Fergie had long accepted that he had maximum effect when staying at a managerial distance; therefore, he entrusted Meulensteen with the task to prepare his squad on the training pitch. The Dutchman, renowned for thoroughness, picked out the smallest areas of concern that other coaches probably let slide. This was not only down to him having an eye for detail but also the conviction to confront players with their shortcomings.
Manchester United played some fantastic attacking football during Ronaldo's time there but he was seen as not fully taking chances in front of goal. Well, not as many as he could have anyway. Other 'true' strikers back then, like Ruud van Nistelrooy, always wanted to make keepers work and hit the net in any fashion possible.
Many were under the impression, Cristiano only craved goal of the month contenders, bypassing simple finishes for wonder goals. Don't get it wrong - Ronaldo was doing some pretty impressive things and could easily have been left to his own devices to see 'how things developed'. That was not in Rene's remit, though.
WATCH AND LISTEN: Meulensteen communicated his message for technical improvements to the most senior of players.
Rene took Ronaldo aside to plot a path to achieve consistent efficiency. His previous best haul was an impressive 23 goals in a season prior to individualised coaching interventions. Instead of Ronaldo doing what he had done before, just trying to smash it in, Rene steered him to appreciate the full dimensions of the goal. Now, his approach was not one that typically befits players out of their development phase - it could be argued players are ALWAYS developing.
Credit to the player here, he took the observations on board and underwent extra training centred around controlled finishing. High-speed sprints with sharp movements at pace and decelerations with considered targeting of goal scoring options. Drill after drill, with no opposition, was done. Standard squad training develops shape and cohesion but the best players work at their assets. The player who Ronaldo replaced in the United No.7 shirt Beckham, worked religiously on free-kicks and his delivery.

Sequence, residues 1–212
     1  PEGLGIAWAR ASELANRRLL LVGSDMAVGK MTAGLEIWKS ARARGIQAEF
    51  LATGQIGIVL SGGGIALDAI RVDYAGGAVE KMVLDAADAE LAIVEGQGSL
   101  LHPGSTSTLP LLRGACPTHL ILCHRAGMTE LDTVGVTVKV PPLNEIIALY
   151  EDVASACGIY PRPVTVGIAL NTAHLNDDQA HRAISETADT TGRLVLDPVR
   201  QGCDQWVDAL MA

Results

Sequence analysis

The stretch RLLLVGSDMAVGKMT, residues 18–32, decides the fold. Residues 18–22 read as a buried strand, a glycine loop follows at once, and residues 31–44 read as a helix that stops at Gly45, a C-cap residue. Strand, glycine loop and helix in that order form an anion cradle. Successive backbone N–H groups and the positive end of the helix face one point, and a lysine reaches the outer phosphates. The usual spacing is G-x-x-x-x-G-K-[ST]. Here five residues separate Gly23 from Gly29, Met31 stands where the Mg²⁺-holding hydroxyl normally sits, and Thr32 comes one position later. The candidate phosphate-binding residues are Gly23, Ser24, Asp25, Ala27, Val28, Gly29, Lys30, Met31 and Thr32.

It's a misconception that professional players are above developing mastering individual skills. All technical movements with the ball need to be carried out in a progressive way in order to be fully integrated into a players game. Even for the best players in the world that can mean going around cones and markers before opponents. In the case of Cristiano Ronaldo, repetitive hard work paid off with a season that saw him break the 40 goal barrier; something Meulensteen predicted.
WINNER: Ronaldo's continued progress has seen him win multiple Balon d'Or awards.
Although Ronaldo already was one of the top players in Europe at that time, he strived for improvement. Meulensteen developed a philosophy but, more importantly, translated it with conviction and proof with outstanding results. Nonetheless, it still needed Cristiano's buy-in and winning attitude to stretch himself. This same attitude has seen him go on to do great things when at Real Madrid and Juventus; here he concentrated mainly on the improvement of his physical performance, though.
No matter how good the player, there is always room for improvement; that's the great thing about football, you never stop learning. The very top footballers want to take their performances to the next level. It's essential to have coaches with mindsets that challenge themselves and those around them.
JUVENTUS STAR: After his transfer from Real Madrid, Ronaldo is still scoring in Serie A.
To BE the best, you have to WANT it. This maybe sounds like an old cliche, but think about how many players you have seen over the years who were candles that shone bright, only to then flicker and fade. The true greats of the game are literally beacons of light that illuminate season after season. This happens by them consistently working on their deficiencies and refining go-to assets to perform. In a day of extreme wealth for the footballing elite, the motivation for the best becomes more apparent and commendable. Cristiano Ronaldo is one of the best examples for the true saying: start as you mean to go on.